About my region is a series of individual profiles of the agricultural, forestry and fisheries industries in your region. This regional profile presents an overview of the agriculture, fisheries and forestry sectors in the Southern Highlands and Shoalhaven region and the recent New South Wales financial performance of the broadacre, dairy and vegetable industries.
The Southern Highlands and Shoalhaven region of New South Wales is located in the south–east of the state, along the coast and the eastern side of the Great Dividing Range. The region includes the major regional centres of Bowral and Nowra and encompasses most of the Shoalhaven and Wingecarribee local government areas, and a small part of the Kiama local government area. The region covers a total area of around 6,700 square kilometres or 1 per cent of New South Wales and is home to approximately 152,500 people (ABS 2018).
Agricultural land in the Southern Highlands and Shoalhaven region occupies 2,500 square kilometres, or 38 per cent of the region. Areas classified as conservation and natural environments (nature conservation, protected areas and minimal use) occupy 3,200 square kilometres, or 48 per cent of the region. The most common land use by area is Nature Conservation, which occupies 2,800 square kilometres or 42 per cent of the Southern Highlands and Shoalhaven region (ABARES 2016).
Australian Bureau of Statistics (ABS) data from the February 2019 Labour Force Survey indicate that around 55,500 people were employed in the Southern Highlands and Shoalhaven region. The region accounts for 1 per cent of total employment in New South Wales and less than 1 per cent of all people employed in the New South Wales agriculture, forestry and fishing sector.
Health care and social assistance was the largest employment sector with 7,500 people, followed by education and training with 6,300 people, and construction with 6,100 people. Other important employment sectors in the region were retail trade; accommodation and food services; and manufacturing. The agriculture, forestry and fishing sector employed 200 people, representing less than 1 per cent of the region's workforce.
Value of agricultural production
In 2017–18, the gross value of agricultural production in the Southern Highlands and Shoalhaven region was $141 million, which was 1 per cent of the total gross value of agricultural production in New South Wales ($13 billion).
The Southern Highlands and Shoalhaven region has a diverse agricultural sector. The most important commodities in the region based on the gross value of agricultural production were milk ($68 million), followed by turf ($15 million) and nurseries ($14 million). These commodities together contributed 69 per cent of the total value of agricultural production in the region.
Number and type of farms
ABS data indicate that in 2016–17 there were 315 farms in the Southern Highlands and Shoalhaven region with an estimated value of agricultural operations of $40,000 or more. The region contains 1 per cent of all farm businesses in New South Wales.
Number of farms, by industry classification, Southern Highlands and Shoalhaven region, 2016–17
|Industry classification||Southern Highlands and Shoalhaven region||New South Wales|
|Number of farms||% of Region||Number of farms||Contribution of region to state total %|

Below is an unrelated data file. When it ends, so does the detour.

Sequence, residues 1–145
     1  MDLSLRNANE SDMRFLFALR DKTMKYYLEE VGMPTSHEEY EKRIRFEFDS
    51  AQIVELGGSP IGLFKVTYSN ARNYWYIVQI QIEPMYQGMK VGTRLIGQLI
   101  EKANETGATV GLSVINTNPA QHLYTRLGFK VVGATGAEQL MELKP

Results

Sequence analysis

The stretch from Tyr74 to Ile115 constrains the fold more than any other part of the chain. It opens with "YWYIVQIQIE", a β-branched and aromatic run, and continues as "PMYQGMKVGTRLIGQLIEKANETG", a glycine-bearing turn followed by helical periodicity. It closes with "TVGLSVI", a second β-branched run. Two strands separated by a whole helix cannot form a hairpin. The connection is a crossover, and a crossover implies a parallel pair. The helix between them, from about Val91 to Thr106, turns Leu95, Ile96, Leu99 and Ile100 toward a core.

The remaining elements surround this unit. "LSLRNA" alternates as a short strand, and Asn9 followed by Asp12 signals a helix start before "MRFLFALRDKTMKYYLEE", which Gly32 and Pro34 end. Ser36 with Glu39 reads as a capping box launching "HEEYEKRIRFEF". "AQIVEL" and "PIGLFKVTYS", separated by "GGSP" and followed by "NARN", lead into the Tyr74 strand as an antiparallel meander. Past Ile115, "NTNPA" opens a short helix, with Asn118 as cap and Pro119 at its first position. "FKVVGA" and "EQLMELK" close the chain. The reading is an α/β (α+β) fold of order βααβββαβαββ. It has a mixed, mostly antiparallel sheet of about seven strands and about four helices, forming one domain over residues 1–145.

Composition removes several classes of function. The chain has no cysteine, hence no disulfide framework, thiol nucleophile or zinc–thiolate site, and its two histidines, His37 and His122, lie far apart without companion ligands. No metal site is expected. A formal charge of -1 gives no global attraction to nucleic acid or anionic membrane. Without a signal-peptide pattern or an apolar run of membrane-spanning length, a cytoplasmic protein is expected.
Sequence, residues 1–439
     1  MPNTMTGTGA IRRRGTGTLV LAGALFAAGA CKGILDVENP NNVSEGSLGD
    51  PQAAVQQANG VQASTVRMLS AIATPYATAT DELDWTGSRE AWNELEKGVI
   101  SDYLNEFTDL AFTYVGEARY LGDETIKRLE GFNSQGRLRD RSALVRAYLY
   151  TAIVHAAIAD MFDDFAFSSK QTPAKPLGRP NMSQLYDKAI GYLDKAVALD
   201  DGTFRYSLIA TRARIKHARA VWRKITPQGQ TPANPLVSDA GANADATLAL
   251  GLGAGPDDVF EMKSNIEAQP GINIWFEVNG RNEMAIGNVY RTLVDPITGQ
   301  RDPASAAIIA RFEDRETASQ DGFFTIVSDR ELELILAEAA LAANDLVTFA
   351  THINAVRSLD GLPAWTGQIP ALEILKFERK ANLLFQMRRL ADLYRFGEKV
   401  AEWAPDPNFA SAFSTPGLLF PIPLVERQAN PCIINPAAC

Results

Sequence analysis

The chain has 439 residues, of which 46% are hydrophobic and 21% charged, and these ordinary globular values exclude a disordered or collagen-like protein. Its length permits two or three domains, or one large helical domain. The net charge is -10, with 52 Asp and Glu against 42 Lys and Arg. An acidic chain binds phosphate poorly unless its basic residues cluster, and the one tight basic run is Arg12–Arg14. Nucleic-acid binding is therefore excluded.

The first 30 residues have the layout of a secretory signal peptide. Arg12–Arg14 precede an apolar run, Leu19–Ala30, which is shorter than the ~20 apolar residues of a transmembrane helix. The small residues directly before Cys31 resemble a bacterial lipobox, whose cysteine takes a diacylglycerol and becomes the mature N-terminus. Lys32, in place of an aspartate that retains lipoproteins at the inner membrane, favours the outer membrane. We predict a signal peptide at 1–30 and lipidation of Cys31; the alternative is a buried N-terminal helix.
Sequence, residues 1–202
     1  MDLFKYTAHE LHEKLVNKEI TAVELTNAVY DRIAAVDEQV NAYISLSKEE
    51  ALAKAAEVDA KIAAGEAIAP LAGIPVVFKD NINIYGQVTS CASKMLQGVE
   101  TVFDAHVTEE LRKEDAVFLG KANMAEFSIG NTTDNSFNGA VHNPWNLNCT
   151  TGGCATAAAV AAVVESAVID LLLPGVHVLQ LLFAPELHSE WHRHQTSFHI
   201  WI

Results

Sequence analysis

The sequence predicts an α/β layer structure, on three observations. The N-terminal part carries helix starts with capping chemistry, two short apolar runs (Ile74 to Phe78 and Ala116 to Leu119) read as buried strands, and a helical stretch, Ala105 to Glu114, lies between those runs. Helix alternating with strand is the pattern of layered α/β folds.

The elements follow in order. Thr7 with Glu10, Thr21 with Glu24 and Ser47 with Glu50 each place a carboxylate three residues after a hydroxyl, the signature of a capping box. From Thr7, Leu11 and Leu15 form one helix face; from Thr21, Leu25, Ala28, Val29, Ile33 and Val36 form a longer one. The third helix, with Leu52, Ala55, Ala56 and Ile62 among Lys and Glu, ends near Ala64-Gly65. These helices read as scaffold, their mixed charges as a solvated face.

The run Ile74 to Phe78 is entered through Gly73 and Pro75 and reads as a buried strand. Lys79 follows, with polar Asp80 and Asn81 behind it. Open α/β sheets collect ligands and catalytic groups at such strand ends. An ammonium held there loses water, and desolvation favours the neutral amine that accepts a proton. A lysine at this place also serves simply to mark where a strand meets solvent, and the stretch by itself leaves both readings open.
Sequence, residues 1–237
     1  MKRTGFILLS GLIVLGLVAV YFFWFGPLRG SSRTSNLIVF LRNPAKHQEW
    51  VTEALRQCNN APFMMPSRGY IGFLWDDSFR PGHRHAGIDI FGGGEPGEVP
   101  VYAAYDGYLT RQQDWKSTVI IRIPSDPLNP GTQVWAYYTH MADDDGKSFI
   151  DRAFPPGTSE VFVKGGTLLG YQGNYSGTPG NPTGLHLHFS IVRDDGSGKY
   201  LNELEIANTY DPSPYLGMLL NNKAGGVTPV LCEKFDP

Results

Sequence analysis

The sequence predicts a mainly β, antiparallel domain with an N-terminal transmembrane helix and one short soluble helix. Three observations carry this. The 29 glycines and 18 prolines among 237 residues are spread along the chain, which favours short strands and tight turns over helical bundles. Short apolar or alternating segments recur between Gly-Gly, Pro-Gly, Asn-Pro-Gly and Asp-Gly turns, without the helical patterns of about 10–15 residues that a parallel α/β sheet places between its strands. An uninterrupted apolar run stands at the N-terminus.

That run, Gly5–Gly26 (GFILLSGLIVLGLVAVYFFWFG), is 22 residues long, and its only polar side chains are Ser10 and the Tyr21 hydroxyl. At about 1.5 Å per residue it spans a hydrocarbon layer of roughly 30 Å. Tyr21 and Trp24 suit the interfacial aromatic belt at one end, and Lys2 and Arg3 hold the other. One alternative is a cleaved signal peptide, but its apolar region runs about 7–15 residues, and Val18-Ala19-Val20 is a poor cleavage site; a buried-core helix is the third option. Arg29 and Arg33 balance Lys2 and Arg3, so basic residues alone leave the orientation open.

|Beef Cattle Farming (Specialised)||113||35.9||6,968||1.6|
|Dairy Cattle Farming||84||26.6||902||9.3|
|Floriculture Production (Outdoors)||15||4.7||96||15.5|
Note: Estimated value of agricultural operations $40,000 or more. Industries that constitute less than 1 per cent of the region's industry are not shown.
Source: Australian Bureau of Statistics
Farms in the table above are classified according to the activities that generate most of their value of production. Beef cattle farms (113 farms) were the most common, accounting for 36 per cent of all farms in the Southern Highlands and Shoalhaven region, and 2 per cent of all beef cattle farms in New South Wales.
Estimated value of agricultural operations (EVAO) is a measure of the value of production from farms and a measure of their business size. Around 54 per cent of farms in the Southern Highlands and Shoalhaven region had an EVAO between $50,000 and $150,000. These farms accounted for only 13 per cent of the total value of agricultural operations in 2016–17. In comparison, 7 per cent of farms in the region had an EVAO of more than $1 million and accounted for an estimated 42 per cent of the total value of agricultural operations in the Southern Highlands and Shoalhaven region in 2016–17.
Farm financial performance
Estimates of financial performance are available for all broadacre, beef, sheep, grains, dairy and vegetable farms in
New South Wales.
The coastline of the Southern Highlands and Shoalhaven extends northwards from Kioloa State Forrest, north of Batemans Bay, to Shoalhaven Heads. The key fishing port in the area is Ulladulla, a key centre for commercial fishing, processing and marketing of fish. Landings at Ulladulla include blue–eye trevalla, yellowtail kingfish, tiger flathead, silver trevally, snapper, and abalone. State Fisheries operating in the area include the fish trawling sector targeting silver trevally, tiger flathead, southern calamari, school whiting, and a number of shark and ray species. It is also a port for the Commonwealth Eastern Tuna and Billfish Fishery (mainly supplying export markets with tuna). Recreational fishing is also a popular activity for both residents in the area and tourists.
In 2015–16 the gross value of New South Wales fisheries production was estimated to be around $156 million, increasing by 4 per cent ($6 million) from 2014–15. New South Wales contributed 5 per cent of the total value of Australian fisheries production in 2015–16. In value terms, the wild-catch sector accounted for 58 per cent ($91 million) of the state's total production and the aquaculture sector accounted for the remaining 42 per cent ($65 million).